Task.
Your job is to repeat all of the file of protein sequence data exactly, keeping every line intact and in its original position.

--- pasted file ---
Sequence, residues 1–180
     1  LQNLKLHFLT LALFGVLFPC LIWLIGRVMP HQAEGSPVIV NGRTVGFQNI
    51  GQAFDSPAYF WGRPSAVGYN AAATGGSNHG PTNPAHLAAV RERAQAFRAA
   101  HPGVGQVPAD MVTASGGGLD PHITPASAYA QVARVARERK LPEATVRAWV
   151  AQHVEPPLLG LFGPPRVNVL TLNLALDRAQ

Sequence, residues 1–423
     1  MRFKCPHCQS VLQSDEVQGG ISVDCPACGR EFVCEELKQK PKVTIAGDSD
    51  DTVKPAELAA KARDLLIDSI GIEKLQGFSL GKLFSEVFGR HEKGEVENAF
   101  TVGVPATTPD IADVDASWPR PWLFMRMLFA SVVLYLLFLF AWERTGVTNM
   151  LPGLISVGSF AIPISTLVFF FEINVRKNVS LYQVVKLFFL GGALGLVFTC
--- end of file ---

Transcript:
Sequence, residues 1–180
     1  LQNLKLHFLT LALFGVLFPC LIWLIGRVMP HQAEGSPVIV NGRTVGFQNI
    51  GQAFDSPAYF WGRPSAVGYN AAATGGSNHG PTNPAHLAAV RERAQAFRAA
   101  HPGVGQVPAD MVTASGGGLD PHITPASAYA QVARVARERK LPEATVRAWV
   151  AQHVEPPLLG LFGPPRVNVL TLNLALDRAQ

Sequence, residues 1–423
     1  MRFKCPHCQS VLQSDEVQGG ISVDCPACGR EFVCEELKQK PKVTIAGDSD
    51  DTVKPAELAA KARDLLIDSI GIEKLQGFSL GKLFSEVFGR HEKGEVENAF
   101  TVGVPATTPD IADVDASWPR PWLFMRMLFA SVVLYLLFLF AWERTGVTNM
   151  LPGLISVGSF AIPISTLVFF FEINVRKNVS LYQVVKLFFL GGALGLVFTC